“Now that I’m going into politics, I will be spending a lot of time campaigning which means I will be delegating a lot. We’ve created a group under which all the companies will fall. It will be called B.K. Group. James will be the group CEO with oversight for all the businesses in the group and I will be chairman. Tony, as we’ve agreed, you will focus on real estate through Jako Holdings. The two main projects you will oversee going forward are the marina and the mixed development on Goti Road. You will also be a director in most of the companies but not responsible for the day to day operations. Every business will have a CEO and management team who are answerable to James and ultimately to the board of directors which comprises everyone in this room plus Jawiri.”

“Even Luke and me?” Sophie blurted out, unable to help herself. She was stunned.

“Yes Sophie. You and Luke will be in the new board of directors. I have big plans for the two of you.” He smiled warmly at her.

“Who is Jawiri?” asked Luke.

“Our family lawyer,” replied Makena.

“Patrick will head up the new security company we’re setting up. He’ll also double up as the director in charge of all security functions across the group. As thanks for all his hard work and saving my life as well as those of my new grandchildren,” he paused and smiled at Sophie. “I’m giving him substantial shareholding in the new company which will specialise in VIP security for CEOs, expatriates, visiting celebrities and corporate functions. Patrick will oversee the training and deployment of all security guards to our group companies. We’ve agreed that he will take a business degree course at a university of his choice, which the company will pay for.”

He turned back to Sophie. “You have a very good vision for the fish business which Tony has explained to me. Now tell the others before I share my proposal on how I can help you and Luke achieve it.”

Sophie stared uncertainly at Tony who smiled and nodded at her encouragingly. Attending this meeting was one thing, having to put her thoughts out there was quite another. But she had never backed down from a challenge. Sophie took a deep breath to still the butterflies in her tummy.

“Well the idea Luke and I had was kind of like what happens with the dairy cooperatives. Right now the biggest problem for fish farmers is getting good quality feeds at an affordable price. The second is finding a market for the fish. Tilapia takes eight to nine months to mature and then we sell in bulk. Without refrigeration facilities, many farmers I know have lost part of their harvest because they couldn’t find buyers in time.”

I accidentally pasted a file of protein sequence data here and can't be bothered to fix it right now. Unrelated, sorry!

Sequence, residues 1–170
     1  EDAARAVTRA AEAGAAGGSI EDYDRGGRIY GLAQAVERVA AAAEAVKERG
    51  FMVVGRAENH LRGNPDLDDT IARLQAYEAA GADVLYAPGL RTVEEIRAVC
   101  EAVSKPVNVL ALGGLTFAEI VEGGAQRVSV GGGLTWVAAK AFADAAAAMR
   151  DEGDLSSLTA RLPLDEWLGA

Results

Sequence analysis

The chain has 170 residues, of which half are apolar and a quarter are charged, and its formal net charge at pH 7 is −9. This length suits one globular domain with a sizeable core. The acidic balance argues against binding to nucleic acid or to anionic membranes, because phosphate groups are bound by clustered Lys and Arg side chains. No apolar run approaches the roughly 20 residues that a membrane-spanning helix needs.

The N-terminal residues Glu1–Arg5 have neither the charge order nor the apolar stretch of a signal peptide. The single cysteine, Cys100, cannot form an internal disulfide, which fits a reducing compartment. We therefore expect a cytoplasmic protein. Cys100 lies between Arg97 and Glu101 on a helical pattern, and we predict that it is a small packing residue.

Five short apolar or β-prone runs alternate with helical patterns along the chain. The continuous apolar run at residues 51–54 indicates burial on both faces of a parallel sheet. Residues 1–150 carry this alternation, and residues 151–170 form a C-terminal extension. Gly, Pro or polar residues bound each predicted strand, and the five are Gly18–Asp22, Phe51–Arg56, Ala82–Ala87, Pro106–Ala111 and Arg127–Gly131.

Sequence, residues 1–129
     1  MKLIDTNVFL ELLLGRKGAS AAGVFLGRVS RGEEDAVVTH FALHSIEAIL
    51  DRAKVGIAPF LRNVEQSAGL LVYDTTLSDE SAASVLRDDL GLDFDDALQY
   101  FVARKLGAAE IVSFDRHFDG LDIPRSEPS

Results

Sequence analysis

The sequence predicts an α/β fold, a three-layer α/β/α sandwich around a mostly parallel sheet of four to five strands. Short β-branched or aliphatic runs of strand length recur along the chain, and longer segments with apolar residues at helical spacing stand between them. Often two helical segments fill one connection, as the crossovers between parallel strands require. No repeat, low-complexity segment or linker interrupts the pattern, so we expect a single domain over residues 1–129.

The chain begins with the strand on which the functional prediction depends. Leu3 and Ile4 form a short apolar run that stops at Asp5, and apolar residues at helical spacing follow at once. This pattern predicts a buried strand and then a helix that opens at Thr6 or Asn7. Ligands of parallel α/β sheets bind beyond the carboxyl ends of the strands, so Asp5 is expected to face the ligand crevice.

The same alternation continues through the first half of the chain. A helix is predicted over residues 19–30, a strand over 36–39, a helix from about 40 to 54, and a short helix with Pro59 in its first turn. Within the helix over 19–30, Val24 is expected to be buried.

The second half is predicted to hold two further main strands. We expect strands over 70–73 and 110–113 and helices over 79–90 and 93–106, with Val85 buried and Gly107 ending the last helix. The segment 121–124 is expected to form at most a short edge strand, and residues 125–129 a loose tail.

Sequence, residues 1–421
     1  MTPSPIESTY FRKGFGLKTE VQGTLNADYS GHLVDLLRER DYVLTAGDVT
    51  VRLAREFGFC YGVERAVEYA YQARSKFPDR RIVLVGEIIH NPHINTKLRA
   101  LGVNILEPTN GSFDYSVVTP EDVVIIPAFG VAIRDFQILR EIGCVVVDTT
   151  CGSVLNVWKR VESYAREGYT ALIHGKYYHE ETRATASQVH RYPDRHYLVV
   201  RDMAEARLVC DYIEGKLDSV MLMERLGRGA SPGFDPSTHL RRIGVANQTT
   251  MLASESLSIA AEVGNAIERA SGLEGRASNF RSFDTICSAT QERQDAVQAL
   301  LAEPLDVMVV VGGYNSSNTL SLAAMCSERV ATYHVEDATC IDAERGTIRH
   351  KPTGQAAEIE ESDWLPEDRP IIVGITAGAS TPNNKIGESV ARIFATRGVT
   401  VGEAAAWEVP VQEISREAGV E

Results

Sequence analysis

She paused and looked around the room. James was nodding thoughtfully, Bola looked keen and Makena leaned forward in her chair. Encouraged, Sophie continued speaking.

“In the dairy industry, the milk processor provides feeds and fertiliser to farmers and collects milk from the members thereby guaranteeing farmers a market. We can do the same for fish. Come together as fish farmers, set up a plant to process fish, buy refrigerated trucks to collect the mature fish and make feeds in bulk to supply to farmers along with fertiliser the cost of which will be deducted from the proceeds of the fish harvest. What do you think?”

“I think it’s a great idea,” said Bola. “And here is how I can help you. I will give you and Luke the capital to set up the fish processing factory and buy all the equipment including refrigeration trucks. You will make the fish feeds in bulk and farm fingerlings which you’ll supply to farmers as well as fertiliser. You will recruit farmers who will receive these inputs in exchange for giving you their entire supply. You will train them on how to farm fish while utilising their farms for other uses like rearing chicken or cows and growing crops the way you’ve done at Kiseti. I suggest you set up a similar farm here which will be used as a demonstration farm for training farmers.”

“We can also set up another one at mother’s farm in Kinyani so that farmers in the area don’t have to travel to Lavangwa for training,” Sophie burst in excitedly, her earlier nervousness gone.

“Exactly. You can set up others on the Nyago and Rukuna farms. Then you’ll travel to each training people who in turn will train local farmers in their area,” added Bola.

“And each demonstration farm can supply fingerlings to local farmers,” added Sophie, her eyes shining.

“You’ll need to recruit a lot of farmers to ensure we have enough stocks for the factory. I’m thinking of a plant that can process 10,000 tonnes annually. The idea is to invest in the entire supply chain from hatching fingerlings to packaging fillet for sale to both the local and export market,” said Bola.

Luke whistled. “That’s a big operation.”

“Exactly. Karengas don’t do small. If we’re going to invest in fish farming, let’s do it properly. This means that you resign from your job and get into the business fulltime with Sophie. You can set up the plant while she recruits and trains farmers. What do you think?” suggested Bola.

Luke smiled broadly. “Count me in.”

“The first thing I’ll need from you is numbers on the amount of capital required and a business plan with projections for the next five years. You can do that right?” Luke nodded taking notes. “We can either consider it a loan or you can give me stock in the company you and Sophie will incorporate to run the business. I’ll leave it up to you to decide which works for you,” said Bola.

“What about the land?” asked Luke.

“I gave Sophie and Tony 20 acres. Use that.”

“No, I meant what value should I put on it for calculating the amount you’re putting in?”

“The land is a gift for Sophie. Didn’t Tony explain?” asked Bola.

Sophie stared at him puzzled.

“In the old days, when a woman got married into a family, she was allocated a piece of land on which to farm and put up her home. That land was considered hers no matter what happened to the husband. It was a form of security. I want you to have that. You young people nowadays have all sorts of new-fangled ideas about marriage. But I want to ensure that no matter what happens, you have a home. That’s my gift to you and my grandchildren. I did the same for Paula. Since she and James have no interest in farming, I bought them a house on Goti Road. When Peter comes back I’ll do the same for Agatha,” Bola explained.